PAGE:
“That man needs to sleep. At all costs, brother. That’s what needs to happen, brother” Ridouan Taghi wrote in a text message.
“He knows we’ll let everyone sleep on him if he has mentioned my name,” he says in another.
“Sleep” had prompted an alert, as did “liquidate” and “crack” — all code words for murder.
In Episode 1, we heard the texts from the criminal underworld, those which were obtained from massive police hacks. Here’s some more details on how we have those texts today:
First the criminal’s choice phone network was EncroChat.
The company, founded in 2016, was one of the largest providers of encrypted digital communication. They provided modified mobile handsets that had their microphones, cameras and GPS systems removed. The devices then have a special operating system and messaging software installed on them, which would send and receive encrypted messages.
User hotspots were particularly present in source and destination countries for cocaine and cannabis trade, as well as in money laundering centres.
EncroChat had previously claimed that it housed its servers in secure locations “offshore.” But they were actually in a data center in Roubaix, a city in northern France. The French National Gendarmerie realized that all EncroChat communications routed through Roubaix and started investigating in 2019, alongside the Dutch.
In early 2020, they revealed they had compromised the EncroChat network. They beat the encrypted system by planting malware which syphoned off more than 100 million messages. Eventually, they also figured out how to read messages in real time.
“It was as if we were sitting at the table where criminals were chatting,” Jannine van den Berg, chief constable of the Dutch police, said at the time.
Jan Op Gen Oorth at Europol told us that the hack illustrated just how big the world of organized crime was. “It's bigger than we thought. It's more international than we thought,” he explained. “They're better connected than we thought. They're moving more cocaine, more drugs than thought, more languages involved.”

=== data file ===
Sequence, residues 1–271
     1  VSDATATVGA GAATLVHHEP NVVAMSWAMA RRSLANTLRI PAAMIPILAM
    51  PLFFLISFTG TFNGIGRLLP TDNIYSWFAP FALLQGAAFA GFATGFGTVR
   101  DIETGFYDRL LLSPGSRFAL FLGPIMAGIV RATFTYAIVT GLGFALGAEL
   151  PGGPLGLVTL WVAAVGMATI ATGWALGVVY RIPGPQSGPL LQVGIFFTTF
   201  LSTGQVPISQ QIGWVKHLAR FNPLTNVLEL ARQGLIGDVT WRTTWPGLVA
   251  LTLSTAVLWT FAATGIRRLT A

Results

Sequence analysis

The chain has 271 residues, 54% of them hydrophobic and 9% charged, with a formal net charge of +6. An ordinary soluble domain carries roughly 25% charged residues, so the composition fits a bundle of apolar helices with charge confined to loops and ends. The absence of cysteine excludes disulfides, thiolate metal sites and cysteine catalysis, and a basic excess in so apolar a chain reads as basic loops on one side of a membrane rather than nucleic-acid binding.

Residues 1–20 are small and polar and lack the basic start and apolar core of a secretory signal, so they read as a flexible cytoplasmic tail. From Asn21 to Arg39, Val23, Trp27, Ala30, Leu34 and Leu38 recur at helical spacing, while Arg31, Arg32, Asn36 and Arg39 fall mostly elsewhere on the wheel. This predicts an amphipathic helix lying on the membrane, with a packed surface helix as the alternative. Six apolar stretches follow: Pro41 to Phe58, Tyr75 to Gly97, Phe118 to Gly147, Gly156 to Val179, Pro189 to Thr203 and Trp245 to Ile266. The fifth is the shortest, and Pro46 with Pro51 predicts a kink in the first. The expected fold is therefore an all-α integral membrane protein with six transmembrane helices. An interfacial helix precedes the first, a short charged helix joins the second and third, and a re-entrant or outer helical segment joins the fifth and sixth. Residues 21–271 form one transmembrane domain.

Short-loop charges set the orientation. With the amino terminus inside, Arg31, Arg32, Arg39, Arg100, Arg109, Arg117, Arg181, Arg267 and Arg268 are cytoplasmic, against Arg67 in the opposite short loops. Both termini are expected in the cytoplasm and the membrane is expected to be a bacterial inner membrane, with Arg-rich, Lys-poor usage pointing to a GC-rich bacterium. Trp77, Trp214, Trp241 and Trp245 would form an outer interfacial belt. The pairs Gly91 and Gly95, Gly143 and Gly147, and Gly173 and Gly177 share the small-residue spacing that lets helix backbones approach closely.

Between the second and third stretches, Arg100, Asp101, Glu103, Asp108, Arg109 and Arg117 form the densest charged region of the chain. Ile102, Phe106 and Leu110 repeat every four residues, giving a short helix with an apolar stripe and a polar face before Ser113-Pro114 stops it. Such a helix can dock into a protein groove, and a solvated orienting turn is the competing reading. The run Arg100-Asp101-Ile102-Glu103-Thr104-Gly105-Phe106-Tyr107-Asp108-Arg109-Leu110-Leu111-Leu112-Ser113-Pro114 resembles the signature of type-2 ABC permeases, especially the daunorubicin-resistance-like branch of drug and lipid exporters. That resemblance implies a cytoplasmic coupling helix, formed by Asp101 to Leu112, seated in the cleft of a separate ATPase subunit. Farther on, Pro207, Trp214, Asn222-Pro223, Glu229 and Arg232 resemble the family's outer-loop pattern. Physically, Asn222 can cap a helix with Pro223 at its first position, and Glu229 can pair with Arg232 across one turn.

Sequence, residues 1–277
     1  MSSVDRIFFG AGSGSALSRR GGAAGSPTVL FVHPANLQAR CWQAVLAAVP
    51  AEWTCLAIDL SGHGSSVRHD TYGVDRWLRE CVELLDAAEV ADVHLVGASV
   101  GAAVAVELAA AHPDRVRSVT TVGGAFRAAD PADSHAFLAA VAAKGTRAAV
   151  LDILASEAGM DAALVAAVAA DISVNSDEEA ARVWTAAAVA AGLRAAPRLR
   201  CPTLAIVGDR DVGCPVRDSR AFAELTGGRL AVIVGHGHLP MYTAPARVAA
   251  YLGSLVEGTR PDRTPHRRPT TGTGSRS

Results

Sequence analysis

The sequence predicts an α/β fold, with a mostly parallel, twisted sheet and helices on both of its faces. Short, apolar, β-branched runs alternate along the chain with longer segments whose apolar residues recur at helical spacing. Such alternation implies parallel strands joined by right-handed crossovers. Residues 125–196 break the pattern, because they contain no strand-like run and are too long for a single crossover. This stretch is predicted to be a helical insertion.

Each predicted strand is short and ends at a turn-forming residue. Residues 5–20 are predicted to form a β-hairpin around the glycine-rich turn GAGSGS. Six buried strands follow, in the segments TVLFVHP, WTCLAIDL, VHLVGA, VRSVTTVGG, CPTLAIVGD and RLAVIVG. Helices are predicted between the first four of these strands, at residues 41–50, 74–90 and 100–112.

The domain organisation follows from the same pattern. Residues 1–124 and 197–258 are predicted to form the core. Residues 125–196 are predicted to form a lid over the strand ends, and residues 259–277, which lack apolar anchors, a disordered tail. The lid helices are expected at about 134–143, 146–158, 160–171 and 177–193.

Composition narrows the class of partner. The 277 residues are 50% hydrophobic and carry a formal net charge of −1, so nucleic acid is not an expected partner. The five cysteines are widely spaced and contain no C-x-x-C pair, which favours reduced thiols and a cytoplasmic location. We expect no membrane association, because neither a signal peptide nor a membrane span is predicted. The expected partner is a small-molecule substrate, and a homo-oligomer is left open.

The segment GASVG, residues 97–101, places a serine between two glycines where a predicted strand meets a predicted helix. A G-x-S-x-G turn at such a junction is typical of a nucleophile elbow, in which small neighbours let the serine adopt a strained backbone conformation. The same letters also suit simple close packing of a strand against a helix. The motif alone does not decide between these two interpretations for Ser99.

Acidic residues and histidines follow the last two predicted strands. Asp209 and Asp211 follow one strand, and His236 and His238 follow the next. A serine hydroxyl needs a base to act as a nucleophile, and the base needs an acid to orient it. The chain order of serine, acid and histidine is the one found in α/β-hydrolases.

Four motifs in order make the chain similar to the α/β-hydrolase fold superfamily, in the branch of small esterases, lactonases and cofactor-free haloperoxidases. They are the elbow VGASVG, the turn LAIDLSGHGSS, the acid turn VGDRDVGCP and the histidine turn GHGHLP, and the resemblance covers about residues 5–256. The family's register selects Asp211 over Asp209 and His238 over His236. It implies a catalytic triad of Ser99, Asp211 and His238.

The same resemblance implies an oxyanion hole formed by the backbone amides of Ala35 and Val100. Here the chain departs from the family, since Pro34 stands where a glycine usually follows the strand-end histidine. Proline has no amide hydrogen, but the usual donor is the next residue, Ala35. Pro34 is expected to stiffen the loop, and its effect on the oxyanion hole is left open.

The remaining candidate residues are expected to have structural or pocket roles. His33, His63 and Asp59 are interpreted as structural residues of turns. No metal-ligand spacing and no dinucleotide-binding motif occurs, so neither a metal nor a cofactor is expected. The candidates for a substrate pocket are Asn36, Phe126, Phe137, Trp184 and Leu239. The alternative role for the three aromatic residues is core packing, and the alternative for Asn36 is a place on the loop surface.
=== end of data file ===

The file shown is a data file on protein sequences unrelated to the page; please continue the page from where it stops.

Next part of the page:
A number of high-profile arrests and drug busts followed — in the Netherlands police arrested 100 people and found 19 meth labs. EncroChat was shut down in July.
With the downfall of EncroChat, many users switched to Sky E.C.C.
The company was founded in 2008 and by 2020, had approximately 70,000 active users. Nearly a quarter of them were clustered around Europe’s busiest seaports: Rotterdam and Antwerp.
But it was cracked by Belgian and Dutch authorities. In March 2021 they announced the attack, which caused widespread panic for users around the world.
Similar to the process of hacking EncroChat, police first intercepted and stored encrypted communications from the Sky ECC network, while experts worked out how to decrypt them. In the second phase, police were able to read live data sent across the network. Even weirder, Sky’s servers were also in the French city of Roubaix.
“Most of the criminals know that one day they'll get a knock on their door and it's their time to go to the prison,” Belgian journalist Joris van der Aa told Gateway. “There's so much evidence that the police have to work one after another, after another.”
While police insist these services were legally hacked, there has been a growing number of questions surrounding the hackings the invasion of privacy. At the end of last year, a case in Germany was sent to Europe’s highest court, regarding whether the obtained messages broke data-sharing laws across Europe. If it wins, the case could potentially undermine the convictions of thousands around Europe.
Listen to Gateway for more on Taghi…